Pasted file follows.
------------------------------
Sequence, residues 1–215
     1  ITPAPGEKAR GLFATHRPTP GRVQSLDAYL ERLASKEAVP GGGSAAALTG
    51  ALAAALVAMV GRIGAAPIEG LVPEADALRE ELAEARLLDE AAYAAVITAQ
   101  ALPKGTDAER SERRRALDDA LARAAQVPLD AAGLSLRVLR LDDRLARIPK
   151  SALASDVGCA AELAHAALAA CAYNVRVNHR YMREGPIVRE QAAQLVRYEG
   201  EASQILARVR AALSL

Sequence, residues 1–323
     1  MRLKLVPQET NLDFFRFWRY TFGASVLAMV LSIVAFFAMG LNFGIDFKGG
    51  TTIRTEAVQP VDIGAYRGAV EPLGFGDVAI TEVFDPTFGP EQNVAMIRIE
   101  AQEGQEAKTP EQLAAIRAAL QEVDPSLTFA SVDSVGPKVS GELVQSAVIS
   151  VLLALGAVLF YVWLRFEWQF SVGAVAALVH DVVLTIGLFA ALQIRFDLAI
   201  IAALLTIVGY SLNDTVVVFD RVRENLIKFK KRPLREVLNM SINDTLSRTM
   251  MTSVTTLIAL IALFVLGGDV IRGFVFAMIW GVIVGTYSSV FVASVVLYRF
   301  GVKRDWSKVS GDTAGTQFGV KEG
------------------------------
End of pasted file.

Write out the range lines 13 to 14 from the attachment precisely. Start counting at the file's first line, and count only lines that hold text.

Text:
   251  MTSVTTLIAL IALFVLGGDV IRGFVFAMIW GVIVGTYSSV FVASVVLYRF
   301  GVKRDWSKVS GDTAGTQFGV KEG